A 10-year-old boy has found a colony of rare starfish in Fair Isle, 400 miles north of their known habitat.
Henry Hyndman, who lives in the isle with his parents Tom and Elizabeth, had been exploring the rock pools alone near the South Lighthouse while his artist father was working in his studio at the lighthouse. Henry initially found one cushion star starfish in a rock pool – he recognised it because he had found a single specimen around two years earlier.
He was really excited at finding another tiny starfish, which are only one and a half centimetres fully grown, and said on his blog: “I ran back screaming to show my dad. Dad was frozen when he saw it and then said ‘awesome!’ and took some photos. It was laying eggs! I went back to look for more. Dad said leave them there if you find more … and I did! Two more! I was so happy.”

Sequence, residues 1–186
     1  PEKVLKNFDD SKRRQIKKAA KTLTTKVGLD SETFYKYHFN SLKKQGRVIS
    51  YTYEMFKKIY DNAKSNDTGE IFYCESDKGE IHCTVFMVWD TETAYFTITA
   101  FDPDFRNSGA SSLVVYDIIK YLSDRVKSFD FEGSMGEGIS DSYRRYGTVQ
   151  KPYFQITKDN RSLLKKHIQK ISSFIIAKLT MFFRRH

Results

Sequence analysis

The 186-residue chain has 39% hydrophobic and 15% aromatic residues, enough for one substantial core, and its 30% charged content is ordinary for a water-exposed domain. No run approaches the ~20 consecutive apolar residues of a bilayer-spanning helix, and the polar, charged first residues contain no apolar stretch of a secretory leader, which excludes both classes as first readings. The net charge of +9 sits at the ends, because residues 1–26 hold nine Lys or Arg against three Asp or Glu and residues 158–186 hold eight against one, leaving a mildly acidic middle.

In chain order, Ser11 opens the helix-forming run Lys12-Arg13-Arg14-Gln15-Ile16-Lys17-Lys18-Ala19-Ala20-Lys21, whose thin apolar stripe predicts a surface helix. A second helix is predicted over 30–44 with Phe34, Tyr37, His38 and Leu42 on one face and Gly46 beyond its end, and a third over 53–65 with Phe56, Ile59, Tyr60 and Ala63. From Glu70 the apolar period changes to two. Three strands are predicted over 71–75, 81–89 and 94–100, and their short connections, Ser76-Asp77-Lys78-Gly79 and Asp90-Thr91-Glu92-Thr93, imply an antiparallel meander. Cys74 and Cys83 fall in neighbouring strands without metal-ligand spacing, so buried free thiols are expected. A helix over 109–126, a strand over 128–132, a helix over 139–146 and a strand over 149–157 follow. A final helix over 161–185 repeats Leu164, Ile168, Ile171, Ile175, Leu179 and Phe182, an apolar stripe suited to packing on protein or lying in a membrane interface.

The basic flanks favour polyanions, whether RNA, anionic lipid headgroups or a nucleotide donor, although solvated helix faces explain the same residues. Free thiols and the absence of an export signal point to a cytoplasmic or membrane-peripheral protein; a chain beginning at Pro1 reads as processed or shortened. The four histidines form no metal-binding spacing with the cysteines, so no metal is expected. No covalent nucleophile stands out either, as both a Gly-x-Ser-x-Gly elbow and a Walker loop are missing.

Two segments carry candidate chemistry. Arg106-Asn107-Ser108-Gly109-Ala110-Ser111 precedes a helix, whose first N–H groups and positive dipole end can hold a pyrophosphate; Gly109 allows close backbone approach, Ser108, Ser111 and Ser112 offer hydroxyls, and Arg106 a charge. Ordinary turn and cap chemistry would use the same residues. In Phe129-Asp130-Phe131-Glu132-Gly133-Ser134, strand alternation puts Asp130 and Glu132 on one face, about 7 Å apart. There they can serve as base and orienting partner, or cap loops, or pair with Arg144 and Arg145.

The next day Henry, his father and island naturalist Nick Riddiford went back to the rock pool at low tide and to their amazement found a whole breeding colony of 20 or more little cushion stars. Henry said: “I needed Dad to move the big rocks and we all said well done to each other.”
When Henry found his first single example two years ago it was assumed it was an individual specimen lost in the currents of the sea. Now, after finding a colony, the Hyndmans and Mr Riddiford are wondering if it has anything to do with global warming.
Meanwhile dedicated rock-pooler Henry is delighted to have found the cushion star colony. “I can’t believe that they live here now,” he said.
The tiny cushion star starfish has a spiny dorsal surface with a star-like pattern of darker brown or green pigment along the centre of the arms and paler areas between the arms. This species was only recognised recently –1979 – and little is known about it.
Cushion stars, which brood their young, have been found in some very exposed sites on the west coast of Ireland and intertidally in large rock pools, as well as at Strangford Lough.
They can also be found in south west Britain and in the Mediterranean.